And it’s very interesting. I asked some White House officials about that communication, and all they would say is the fact that it’s very interesting that Donald Trump during his time running for the Oval Office would chastise President Obama, talk about Hillary Clinton following President Obama, and now he calls President Obama quite a bit looking for advice or just wanting to talk about issues.

And I find that very interesting, to the point where the president, though, however, no matter how interesting it is, he makes it a point to pick up the phone and call him as soon as he can, call him back, just for the smooth transition that the president was afforded from George W. Bush to his presidency.

So, this president finds it very interesting. And particularly this is a crazy time, as they are watching this president say that if he were running against Donald Trump, he would win, and Donald Trump is going after him on social media, saying, I don’t think so, and then trying to keep the transition working. That’s a very interesting piece by itself.

HARI SREENIVASAN: Michael Beschloss, let’s talk a little bit about the Cabinet, or at least the announcements so far. How do they stack up on different axes, whether it’s gender or race or socioeconomic status?

MICHAEL BESCHLOSS: Well, even the most ardent Trump supporter would have to say it’s not exactly the most diverse Cabinet on earth, a lot of billionaires and generals in the close entourage, not a great deal of — many women, not a lot of diversity here.

And the interesting thing to me is that John Kennedy, let’s take that example, he was elected 1960 by only 100,000 popular votes, and his electoral vote was about 303, very close to Donald Trump’s.

Yet, Donald Trump, who didn’t win the popular vote and the electoral vote like Kennedy, you know, unlike Kennedy, feels that he can basically do this and doesn’t feel a political need to, you know, make more of an effort with Democrats on the other side.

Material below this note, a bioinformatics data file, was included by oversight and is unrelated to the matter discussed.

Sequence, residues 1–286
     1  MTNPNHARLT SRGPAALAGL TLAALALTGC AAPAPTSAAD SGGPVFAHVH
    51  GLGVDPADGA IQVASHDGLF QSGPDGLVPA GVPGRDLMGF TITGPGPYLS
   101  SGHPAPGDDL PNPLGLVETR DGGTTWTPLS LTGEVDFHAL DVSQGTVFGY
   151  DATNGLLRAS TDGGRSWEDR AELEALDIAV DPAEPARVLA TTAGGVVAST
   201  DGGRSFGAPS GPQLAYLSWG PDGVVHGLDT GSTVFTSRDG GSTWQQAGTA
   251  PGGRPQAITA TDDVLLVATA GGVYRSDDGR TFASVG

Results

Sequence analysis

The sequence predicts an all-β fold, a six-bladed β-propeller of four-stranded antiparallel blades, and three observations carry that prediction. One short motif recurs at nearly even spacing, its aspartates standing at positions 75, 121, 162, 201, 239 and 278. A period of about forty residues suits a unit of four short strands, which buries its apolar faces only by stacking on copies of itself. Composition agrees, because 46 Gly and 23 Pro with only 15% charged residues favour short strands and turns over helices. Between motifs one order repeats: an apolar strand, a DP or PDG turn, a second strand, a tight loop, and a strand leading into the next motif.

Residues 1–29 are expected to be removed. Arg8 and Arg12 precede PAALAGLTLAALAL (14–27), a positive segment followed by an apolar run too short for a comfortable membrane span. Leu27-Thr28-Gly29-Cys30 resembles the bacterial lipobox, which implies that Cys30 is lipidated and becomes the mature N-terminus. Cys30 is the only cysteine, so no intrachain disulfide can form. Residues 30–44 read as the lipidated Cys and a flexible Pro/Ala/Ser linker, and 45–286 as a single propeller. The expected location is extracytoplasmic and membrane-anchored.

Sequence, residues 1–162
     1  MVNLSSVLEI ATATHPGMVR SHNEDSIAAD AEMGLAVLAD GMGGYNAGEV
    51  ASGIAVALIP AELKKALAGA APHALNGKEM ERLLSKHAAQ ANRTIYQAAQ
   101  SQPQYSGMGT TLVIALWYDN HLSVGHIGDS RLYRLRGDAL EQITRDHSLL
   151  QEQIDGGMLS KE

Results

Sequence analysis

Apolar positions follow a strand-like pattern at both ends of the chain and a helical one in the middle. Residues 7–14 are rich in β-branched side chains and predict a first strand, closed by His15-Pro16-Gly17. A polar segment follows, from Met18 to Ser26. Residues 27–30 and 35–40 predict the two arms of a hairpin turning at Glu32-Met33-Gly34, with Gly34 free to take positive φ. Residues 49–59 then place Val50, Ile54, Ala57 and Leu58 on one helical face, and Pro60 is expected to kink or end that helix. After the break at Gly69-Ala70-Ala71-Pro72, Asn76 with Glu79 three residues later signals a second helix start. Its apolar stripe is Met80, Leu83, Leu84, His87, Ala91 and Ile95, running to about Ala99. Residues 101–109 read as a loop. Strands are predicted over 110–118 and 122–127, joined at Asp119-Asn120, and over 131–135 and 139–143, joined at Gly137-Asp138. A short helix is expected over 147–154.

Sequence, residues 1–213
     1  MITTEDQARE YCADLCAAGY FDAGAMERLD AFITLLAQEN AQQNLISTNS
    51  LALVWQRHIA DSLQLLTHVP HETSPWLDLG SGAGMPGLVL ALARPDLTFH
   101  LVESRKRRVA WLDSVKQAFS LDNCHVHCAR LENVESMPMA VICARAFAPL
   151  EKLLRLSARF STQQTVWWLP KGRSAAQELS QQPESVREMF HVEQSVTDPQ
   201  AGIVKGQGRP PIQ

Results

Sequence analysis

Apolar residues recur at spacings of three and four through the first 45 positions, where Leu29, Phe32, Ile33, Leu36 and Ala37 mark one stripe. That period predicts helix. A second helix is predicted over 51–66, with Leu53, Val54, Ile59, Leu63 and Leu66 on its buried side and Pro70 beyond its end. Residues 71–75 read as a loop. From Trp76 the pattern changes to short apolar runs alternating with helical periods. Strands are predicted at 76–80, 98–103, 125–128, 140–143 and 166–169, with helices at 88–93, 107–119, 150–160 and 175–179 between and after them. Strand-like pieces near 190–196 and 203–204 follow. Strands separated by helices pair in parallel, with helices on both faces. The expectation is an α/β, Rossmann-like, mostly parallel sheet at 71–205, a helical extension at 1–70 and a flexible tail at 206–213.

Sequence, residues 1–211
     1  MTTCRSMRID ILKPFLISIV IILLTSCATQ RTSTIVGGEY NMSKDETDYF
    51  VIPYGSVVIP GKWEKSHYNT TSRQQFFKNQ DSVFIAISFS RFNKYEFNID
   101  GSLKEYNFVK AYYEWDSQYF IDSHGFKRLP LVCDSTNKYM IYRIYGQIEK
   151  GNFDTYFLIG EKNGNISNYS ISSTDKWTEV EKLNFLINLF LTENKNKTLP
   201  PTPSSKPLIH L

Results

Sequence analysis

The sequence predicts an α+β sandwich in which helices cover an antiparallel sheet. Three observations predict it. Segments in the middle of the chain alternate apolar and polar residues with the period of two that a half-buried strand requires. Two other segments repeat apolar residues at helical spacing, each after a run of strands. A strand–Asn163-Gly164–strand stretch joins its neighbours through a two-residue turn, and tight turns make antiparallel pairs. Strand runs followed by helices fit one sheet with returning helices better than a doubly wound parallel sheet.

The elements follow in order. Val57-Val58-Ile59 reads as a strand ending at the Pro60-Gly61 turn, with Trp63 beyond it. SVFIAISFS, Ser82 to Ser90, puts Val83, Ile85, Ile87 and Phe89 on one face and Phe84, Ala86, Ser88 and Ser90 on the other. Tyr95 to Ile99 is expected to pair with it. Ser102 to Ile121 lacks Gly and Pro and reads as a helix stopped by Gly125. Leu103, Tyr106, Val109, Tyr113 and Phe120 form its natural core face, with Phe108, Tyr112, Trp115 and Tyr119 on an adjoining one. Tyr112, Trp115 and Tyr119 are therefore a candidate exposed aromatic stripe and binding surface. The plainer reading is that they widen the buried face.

Kennedy, in his case, said, you know, I was barely elected by the popular vote. I would rather make some efforts to show that I get along with Republicans.

And so he put Republicans at the Defense Department, the Treasury, in key positions to show that he recognized that that wasn’t the most resounding mandate on earth.

HARI SREENIVASAN: April Ryan, this transition team has said that they have been looking for something different.

APRIL RYAN: Well, yes, they are looking for something different, something totally not Washington.

And what we’re getting from many persons that I have talked to, be it Democrat or Republican, there is a general consensus that this is a business approach to social problems, and that, you know, with no governance really.

There are few people who are in the Cabinet who have a governance stance and government knowledge, governing knowledge. But the problem for many is that this is so new and so fresh.

And on racial terms, George W. Bush, I’m thinking back to that administration. George W. Bush had the most diverse racial construct of his Cabinet. Now you go to the next Republican president, number 45, Donald J. Trump, who is listening to his constituency and standing by what he said when he was campaigning, that he didn’t care about being politically correct. It’s going to be very interesting to see.

HARI SREENIVASAN: Michael, how does this transition, at least historically, play out, when you have perhaps captains of industry moving into roles where they’re leading organizations with thousands of people, but they’re different kinds of organizations?

MICHAEL BESCHLOSS: It’s one of the biggest experiments or even gambles we have seen in American history.

Donald Trump’s whole thing, and he said this in the campaign, is, I don’t think having political or public service experience is particularly helpful. He essentially said — he even essentially said that he thinks it’s harmful because you’re part of an old establishment that didn’t work.

So, we’re about to see whether this works or not, and four years from now, we will know.

HARI SREENIVASAN: All right. We will have you back then.

Michael Beschloss, April Ryan, thank you very much.

MICHAEL BESCHLOSS: Great to see you. Thank you.

APRIL RYAN: Thank you.

The post Are we witnessing a pre-inauguration power struggle? appeared first on PBS NewsHour.